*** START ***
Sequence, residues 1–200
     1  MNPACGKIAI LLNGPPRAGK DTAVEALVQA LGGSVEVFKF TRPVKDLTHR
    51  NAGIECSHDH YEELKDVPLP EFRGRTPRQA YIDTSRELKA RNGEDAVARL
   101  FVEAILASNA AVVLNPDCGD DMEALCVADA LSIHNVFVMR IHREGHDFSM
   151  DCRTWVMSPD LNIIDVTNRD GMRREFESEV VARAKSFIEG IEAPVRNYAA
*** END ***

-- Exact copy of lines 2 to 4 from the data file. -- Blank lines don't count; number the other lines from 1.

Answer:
     1  MNPACGKIAI LLNGPPRAGK DTAVEALVQA LGGSVEVFKF TRPVKDLTHR
    51  NAGIECSHDH YEELKDVPLP EFRGRTPRQA YIDTSRELKA RNGEDAVARL
   101  FVEAILASNA AVVLNPDCGD DMEALCVADA LSIHNVFVMR IHREGHDFSM